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How to Choose the Best Language Variant for Your Cultural Institution

Selecting the right languages for translation is challenging, but things get especially perplexing when a language has multiple forms. Language is fluid and evolves differently over time, and today many common languages have distinct linguistic variants.

It’s easy to understand the concept by considering the differences between British and American English. While they are the same language, hundreds of everyday words are different, and each form has distinctive grammar and spelling conventions that feel natural on one side of the Atlantic, but may provoke a smile or even an occasional moment of confusion on the other side.

To help, we describe a few of the more common variants and the way they are typically handled by U.S.-based museums, botanical gardens, zoos, and other cultural institutions.

Selecting the Right Spanish Variant

Many American museums and cultural institutions translate some or all of their materials into Spanish, because the language is so widely spoken throughout the country. More than 41 million U.S. residents speak Spanish as their first language. Another 11.6 million are bilingual, many of whom are the children of Spanish-speaking immigrants. These numbers are only predicted to grow. According to the U.S. Census Office, the country will have an estimated 138 million Spanish speakers by 2050, making it the largest Spanish-speaking nation in the world.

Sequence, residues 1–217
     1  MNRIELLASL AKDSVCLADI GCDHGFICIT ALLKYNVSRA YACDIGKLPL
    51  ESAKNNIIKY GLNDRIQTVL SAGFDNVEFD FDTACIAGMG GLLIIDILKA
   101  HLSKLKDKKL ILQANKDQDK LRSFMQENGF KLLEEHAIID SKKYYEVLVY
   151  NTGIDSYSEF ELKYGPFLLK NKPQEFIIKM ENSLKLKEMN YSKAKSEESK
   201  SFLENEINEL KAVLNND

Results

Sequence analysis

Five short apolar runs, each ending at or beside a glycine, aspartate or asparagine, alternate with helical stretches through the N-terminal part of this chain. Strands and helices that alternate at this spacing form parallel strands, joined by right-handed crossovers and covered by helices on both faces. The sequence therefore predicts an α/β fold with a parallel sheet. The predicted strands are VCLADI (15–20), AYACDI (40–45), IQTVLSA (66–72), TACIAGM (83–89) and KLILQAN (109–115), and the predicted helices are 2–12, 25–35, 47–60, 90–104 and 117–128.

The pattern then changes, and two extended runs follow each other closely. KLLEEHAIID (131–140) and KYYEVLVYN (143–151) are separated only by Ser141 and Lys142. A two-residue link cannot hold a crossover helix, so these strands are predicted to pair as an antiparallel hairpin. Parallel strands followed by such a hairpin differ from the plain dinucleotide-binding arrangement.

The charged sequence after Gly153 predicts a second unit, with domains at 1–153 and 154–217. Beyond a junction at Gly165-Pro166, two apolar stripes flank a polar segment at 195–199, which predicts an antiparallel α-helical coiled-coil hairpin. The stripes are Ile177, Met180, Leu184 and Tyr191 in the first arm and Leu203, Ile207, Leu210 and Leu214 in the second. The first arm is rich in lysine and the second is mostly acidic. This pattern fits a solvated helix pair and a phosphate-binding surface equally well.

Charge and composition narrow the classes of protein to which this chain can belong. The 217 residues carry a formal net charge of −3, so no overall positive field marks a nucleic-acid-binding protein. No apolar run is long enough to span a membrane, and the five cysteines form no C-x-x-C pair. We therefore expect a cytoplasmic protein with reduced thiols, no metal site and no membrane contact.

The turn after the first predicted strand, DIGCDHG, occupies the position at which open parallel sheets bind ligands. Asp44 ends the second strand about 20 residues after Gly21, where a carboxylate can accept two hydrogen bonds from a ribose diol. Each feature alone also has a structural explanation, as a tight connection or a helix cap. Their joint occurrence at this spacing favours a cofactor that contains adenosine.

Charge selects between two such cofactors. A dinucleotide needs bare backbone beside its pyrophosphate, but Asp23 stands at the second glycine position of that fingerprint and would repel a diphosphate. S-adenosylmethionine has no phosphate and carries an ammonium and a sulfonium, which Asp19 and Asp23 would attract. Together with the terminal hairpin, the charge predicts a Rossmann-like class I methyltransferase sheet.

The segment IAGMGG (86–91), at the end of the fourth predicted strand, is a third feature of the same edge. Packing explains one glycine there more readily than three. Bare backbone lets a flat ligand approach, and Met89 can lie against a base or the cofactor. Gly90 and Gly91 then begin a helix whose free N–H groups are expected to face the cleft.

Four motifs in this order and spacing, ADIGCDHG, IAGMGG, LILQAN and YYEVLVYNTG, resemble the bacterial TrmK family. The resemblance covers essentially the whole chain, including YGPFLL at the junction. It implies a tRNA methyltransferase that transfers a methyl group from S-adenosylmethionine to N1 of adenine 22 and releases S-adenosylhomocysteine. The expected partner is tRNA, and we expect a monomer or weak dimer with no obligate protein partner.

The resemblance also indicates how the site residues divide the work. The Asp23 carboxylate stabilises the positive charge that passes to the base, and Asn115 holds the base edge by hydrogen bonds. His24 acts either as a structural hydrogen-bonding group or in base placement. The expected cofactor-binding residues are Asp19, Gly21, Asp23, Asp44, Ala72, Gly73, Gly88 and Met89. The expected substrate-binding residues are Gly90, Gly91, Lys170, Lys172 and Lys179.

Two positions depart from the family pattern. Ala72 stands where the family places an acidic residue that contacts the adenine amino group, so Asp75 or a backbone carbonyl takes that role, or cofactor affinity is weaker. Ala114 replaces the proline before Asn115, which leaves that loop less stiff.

Any institution planning to translate into Spanish should be aware that the language has distinct variants. There are significant differences in vocabulary from one country to the next. Words that are common to one version of Spanish may have a completely different meaning in another locale.

It’s certainly not feasible to tailor every Spanish translation to the many different Spanish-speaking countries. If translating for residents of mainland Spain, Peninsular (or European) Spanish should be used, as this is the only variant that will fully resonate with this target market. However, this version is significantly different from what is spoken in the U.S. and throughout Latin America.